EMRs: Increasing Complexity and Capabilities II

EMRs, Intel, GE and telehealth for seniors

Intel has been studying technical and societal solutions for problems related to care for the aging for more than ten years. On August 2, 2010, Intel and GE announced the formation of a joint venture that will focus on telehealth and independent living to tackle the increasing global burden of chronic disease and age-related conditions. Said simply, using technology at places other than medical facilities to improve senior health.

Some of these technologies, particularly the diagnostics, will be heavily data oriented. As an example, monitoring and tracking the ways a person uses the telephone to detect changes that are predictors of Alzheimer’s and Parkinson’s 5 to 10 years before clinical symptoms appear. The analysis is based on subtle changes over a period of time. For an engaging explanation link to a TED MED presentation at http://goo.gl/vALK

More and more data over an extended period of time. Almost certainly, additional providers serving the same or related areas. The providers will deal with the data collection and analysis and then what happens? It needs to be linked to other medical data, both historic and current, analyzed, and made available to the person being monitored so they can be responsible for their own health to the fullest extent possible, to their doctors – seniors almost always have multiple doctors – and the person’s caregivers, and concerned family members. Different forms and presentations of results based on the same data for different uses and users. Complexity and capabilities way beyond the scope of the systems being installed today.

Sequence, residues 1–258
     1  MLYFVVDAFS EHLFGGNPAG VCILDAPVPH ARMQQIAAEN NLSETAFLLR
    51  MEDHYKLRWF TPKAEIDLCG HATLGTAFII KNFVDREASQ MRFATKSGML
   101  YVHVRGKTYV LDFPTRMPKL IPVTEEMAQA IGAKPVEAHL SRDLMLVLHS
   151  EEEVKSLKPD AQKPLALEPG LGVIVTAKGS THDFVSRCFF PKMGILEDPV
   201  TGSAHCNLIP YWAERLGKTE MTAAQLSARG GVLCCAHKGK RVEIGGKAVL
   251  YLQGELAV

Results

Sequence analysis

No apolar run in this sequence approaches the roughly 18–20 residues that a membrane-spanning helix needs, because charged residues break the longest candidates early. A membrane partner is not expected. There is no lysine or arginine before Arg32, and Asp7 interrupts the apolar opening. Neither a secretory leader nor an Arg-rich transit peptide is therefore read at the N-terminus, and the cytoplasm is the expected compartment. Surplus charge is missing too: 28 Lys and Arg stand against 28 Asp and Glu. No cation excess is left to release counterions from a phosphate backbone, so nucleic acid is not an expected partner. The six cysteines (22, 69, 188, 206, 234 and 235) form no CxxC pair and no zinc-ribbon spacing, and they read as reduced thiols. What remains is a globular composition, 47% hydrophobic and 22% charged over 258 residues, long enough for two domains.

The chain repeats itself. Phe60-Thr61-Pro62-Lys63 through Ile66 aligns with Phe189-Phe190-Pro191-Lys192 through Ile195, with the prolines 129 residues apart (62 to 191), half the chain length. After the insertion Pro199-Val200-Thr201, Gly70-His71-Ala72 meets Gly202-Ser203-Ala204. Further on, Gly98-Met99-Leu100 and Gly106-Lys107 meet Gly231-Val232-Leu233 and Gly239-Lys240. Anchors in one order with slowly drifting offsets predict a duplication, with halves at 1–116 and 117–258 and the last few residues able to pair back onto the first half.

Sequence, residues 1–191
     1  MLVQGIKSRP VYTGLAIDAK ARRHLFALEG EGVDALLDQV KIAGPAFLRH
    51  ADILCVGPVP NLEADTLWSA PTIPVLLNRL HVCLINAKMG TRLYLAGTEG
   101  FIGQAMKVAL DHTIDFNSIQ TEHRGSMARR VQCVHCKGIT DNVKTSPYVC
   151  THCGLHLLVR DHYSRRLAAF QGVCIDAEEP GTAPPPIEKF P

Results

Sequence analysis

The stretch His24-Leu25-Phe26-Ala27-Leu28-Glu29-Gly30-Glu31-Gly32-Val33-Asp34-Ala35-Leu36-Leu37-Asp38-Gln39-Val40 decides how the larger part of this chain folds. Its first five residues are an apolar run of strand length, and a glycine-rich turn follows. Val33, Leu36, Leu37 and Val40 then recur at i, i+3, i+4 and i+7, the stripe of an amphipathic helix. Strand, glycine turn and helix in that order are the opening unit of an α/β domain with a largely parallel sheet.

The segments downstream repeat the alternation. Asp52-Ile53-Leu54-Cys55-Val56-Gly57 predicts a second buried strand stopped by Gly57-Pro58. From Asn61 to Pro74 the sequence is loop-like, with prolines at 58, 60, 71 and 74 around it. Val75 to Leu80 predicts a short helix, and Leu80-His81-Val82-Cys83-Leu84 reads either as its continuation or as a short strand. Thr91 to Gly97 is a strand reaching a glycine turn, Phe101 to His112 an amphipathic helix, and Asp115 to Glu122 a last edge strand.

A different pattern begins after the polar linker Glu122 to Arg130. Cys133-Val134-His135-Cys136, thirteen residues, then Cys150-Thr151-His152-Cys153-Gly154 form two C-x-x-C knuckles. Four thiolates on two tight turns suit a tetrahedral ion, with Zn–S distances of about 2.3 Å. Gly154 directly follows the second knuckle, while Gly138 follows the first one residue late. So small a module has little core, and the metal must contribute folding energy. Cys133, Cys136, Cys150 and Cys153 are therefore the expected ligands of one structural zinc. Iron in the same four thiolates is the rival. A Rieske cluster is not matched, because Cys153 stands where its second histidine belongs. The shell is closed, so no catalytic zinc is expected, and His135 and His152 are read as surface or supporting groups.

Intel and GE are preparing to do this now. It will be a few years before the impact becomes a major issue but now is the time to design our EMR systems and networks to deal with the increasing need as the population ages and as the technology to assist them advances.

Short link: http://wp.me/pyfFd-7w


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